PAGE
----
Brief History

The Parish of St Edward the Confessor is situated in the London Borough of Havering, north east of London and in the county of Essex. The original Catholic Parish Church was on the site of the present Anglican Church (also dedicated to St Edward) in the Market Place. There has been a church on that site since Norman times: the present medieval church was burned down in the nineteenth century and replaced with the present church in 1850.

When the Catholic Hierarchy was restored in 1850, the land for the present Catholic Church was given by the Petre family, who also paid for the building. So it was that the Catholic Church was re-established after an absence of over three hundred years.

Romford has historical associations with St Edward the Confessor as his summer residence was at near-by Havering-atte-Bower. The church replaced a temporary building which stood on the site from 1854, was built with money and on land donated by the Twelth Lord Petre, who was from a prominent Catholic family; he was also responsible for other churches in the county at Barking, Ongar, Brentwood and Chelmsford. Of relatively modest size and in a then rural location, St Edward’s was amongst the first 19th century churches built in Essex under the Catholic Diocese of Westminister, established in 1850. The church was dedicated in May 1856 by Cardinal Wiseman, first Archbishop of Westminister and designed by the London-based architect Daniel Cubitt Nichols. A day school to the west of the church was also built at the same time. In 1890-91 this was replaced by a new building to the south of the church designed by George Sherrin who had connections to the Petre family having built a number of houses. He also built Tilehurst, Brentwood (Grade II listed) for Sir Sebastien Petre in 1884. The presbytery, linked to the church via the sacristy, was probably designed by Sherrin at the same time.

In 1917, a gallery was added to the west end of the chancel, and in 1934 the North Chapel was added at this time. In 1961 the school was closed and eventually converted to a social club, which was re-modelled and extended at the end of the 20th century.

The Church is built in the 13th century English Gothic style in coursed ragstone with a red-tiled roof and a central wooden belfry, topped by a splayed-foot spire and small dormers at the west end. The plan is of an aisle-less nave with a lower chancel, north chapel and south porch with a stair tower for the gallery (all at the west end of the church), with a sacristy linking it to the presbytery in the north-east corner. The windows are of Bath stone with those of the nave having simple plate-tracery to double-lancets under a roundel and are separated by two-tier buttresses; the east window has geometry tracery with triple lights and three roudels, with carved heads of St Edward and St Agnes at the springing points of the arch. The west end has a rose window over two doubled shouldered arched windows with small trefoil arches in the porch.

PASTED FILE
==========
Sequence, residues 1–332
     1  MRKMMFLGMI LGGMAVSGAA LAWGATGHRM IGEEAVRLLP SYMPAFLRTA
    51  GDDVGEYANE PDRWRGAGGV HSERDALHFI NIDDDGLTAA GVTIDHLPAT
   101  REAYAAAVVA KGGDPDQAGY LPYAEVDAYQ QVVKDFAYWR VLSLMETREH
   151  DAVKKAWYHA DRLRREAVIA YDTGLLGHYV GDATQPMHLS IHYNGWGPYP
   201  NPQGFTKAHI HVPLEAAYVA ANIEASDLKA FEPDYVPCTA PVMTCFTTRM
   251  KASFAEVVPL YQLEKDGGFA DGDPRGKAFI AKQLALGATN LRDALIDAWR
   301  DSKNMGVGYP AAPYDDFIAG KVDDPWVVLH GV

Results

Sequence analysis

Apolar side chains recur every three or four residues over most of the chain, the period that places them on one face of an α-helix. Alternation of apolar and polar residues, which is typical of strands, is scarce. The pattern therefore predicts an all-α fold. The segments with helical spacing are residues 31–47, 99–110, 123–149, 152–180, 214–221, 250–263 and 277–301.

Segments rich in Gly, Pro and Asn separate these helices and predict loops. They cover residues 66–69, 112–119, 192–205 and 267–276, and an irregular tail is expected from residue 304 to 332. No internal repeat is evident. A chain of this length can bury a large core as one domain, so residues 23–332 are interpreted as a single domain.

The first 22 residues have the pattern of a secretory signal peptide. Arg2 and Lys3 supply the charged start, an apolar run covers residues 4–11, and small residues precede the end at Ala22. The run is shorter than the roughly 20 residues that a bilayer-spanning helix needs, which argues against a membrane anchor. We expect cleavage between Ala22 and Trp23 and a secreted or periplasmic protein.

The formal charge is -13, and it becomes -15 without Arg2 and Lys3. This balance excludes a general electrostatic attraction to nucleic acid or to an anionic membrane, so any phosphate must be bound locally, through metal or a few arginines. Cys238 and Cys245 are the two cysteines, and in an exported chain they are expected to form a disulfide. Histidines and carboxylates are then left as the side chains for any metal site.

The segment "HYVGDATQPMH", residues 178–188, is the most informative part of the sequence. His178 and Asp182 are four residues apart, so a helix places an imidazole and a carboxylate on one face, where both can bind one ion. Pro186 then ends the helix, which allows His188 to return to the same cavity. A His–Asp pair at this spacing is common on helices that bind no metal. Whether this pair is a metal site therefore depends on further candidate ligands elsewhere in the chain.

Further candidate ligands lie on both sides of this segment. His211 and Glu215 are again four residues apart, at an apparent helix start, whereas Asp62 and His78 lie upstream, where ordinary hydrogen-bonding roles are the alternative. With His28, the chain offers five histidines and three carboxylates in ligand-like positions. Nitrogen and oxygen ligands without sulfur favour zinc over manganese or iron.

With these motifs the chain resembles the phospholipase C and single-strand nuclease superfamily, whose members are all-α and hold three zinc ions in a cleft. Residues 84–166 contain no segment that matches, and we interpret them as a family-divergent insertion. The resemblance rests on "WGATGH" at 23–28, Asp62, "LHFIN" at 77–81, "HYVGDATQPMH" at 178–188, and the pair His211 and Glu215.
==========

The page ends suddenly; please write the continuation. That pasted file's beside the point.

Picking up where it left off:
Fittings include the original octagonal stone font (now in the chapel), an ornate stone reredos with a pinnacled canopy over scenes of the Nativity and Deposition, flanked by figures of St Edward the Confessor and St Agnes by Boulton and Harris (donated by Agnes Clifford, sister of Lord Petrie). The original altar remains despite having been superseded by a free standing altar to its front during re-ordering in the 1990s. There is an aubry set in a fioled arch with a painted carving of Agnus Dei(Lamb of God) in the spandrel and a piscine in the south porch. The chapel contains a modern shrine to our Lady of Walsingham by Howell and Bellion. The stained glass in the east window, dating from 1885, depicts scenes from the life of St Edward. It was made by Hardman and Co of Birmingham. A major supplier of stained glass during the Gothic Revival period, notably for the Palace of Westminister.

The two-story presbytery, built in 1890-91 adjoins the church to the north-east via the linking sacristy. The 1890-91 school building to the south of the church is also of coursed ragstone with a pitched red tile roof and Bath stone mullion windows. The original school was a single rectangular block with a gabled girls’ entrance block to the north-west and a boys’ entrance to the south-east. The interior of the building has been converted into a social club and all original interiors have been lost.

There are aver 2700 Catholic Parish churches and 700 other churches and chapels open to the public. St Edward’s is one of 625 that has been listed (as a Grade II) building of historical interest. Prior to 1829, most Catholic churches were simple classical style chapels similar to non-conformist chapels. After the Act of Emancipation 1829 and the restoration of the Catholic Episcopal hierarchy in 1850, Gothic came to be the predominant style of Catholic churches, as was to be the case for Anglican churches. AWN Pugin was particularly influential in the debate over the style adopted for Catholic churches during this period. By the time of his death in 1852, Pugin had moved away from his early preference for the Perpendicular to the simpler 13th Century styles as exemplified by St Edward’s. Its intimate scale, belfry rather than tower and simple early English style decoration would seem diplomatic for a new Catholic church in the shadow of an Anglican parish church with the same dedication. The choice of Early English well-done historicist design and retention of original interior features gives the church its special interest.

Love God, serve God; everything is in that.” St. Clare of Assisi